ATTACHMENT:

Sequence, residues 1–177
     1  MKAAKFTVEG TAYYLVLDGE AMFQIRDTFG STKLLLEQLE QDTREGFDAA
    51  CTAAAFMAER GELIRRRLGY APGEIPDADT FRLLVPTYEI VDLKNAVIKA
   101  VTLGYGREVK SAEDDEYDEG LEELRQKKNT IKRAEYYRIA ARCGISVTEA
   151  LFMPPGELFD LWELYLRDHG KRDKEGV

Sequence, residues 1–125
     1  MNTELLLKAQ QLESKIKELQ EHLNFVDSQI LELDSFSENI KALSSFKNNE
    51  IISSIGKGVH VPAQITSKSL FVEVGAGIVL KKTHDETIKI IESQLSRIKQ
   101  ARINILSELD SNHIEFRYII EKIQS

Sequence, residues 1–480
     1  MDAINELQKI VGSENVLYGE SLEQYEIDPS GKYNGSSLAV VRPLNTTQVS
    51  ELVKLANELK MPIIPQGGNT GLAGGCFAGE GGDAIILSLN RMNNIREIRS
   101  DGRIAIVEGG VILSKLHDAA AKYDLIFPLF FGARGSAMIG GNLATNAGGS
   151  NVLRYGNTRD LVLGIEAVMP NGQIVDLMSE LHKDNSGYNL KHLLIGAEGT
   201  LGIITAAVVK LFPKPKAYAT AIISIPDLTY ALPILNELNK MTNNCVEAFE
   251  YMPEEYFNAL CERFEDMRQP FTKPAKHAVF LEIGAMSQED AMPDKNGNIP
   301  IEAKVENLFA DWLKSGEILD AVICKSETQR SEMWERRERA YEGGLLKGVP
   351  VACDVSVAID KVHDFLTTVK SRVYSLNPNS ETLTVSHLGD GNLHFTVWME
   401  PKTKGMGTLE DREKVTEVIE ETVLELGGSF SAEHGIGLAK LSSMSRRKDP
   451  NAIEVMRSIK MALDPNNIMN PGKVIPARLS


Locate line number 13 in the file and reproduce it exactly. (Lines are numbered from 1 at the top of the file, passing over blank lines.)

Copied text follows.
   101  DGRIAIVEGG VILSKLHDAA AKYDLIFPLF FGARGSAMIG GNLATNAGGS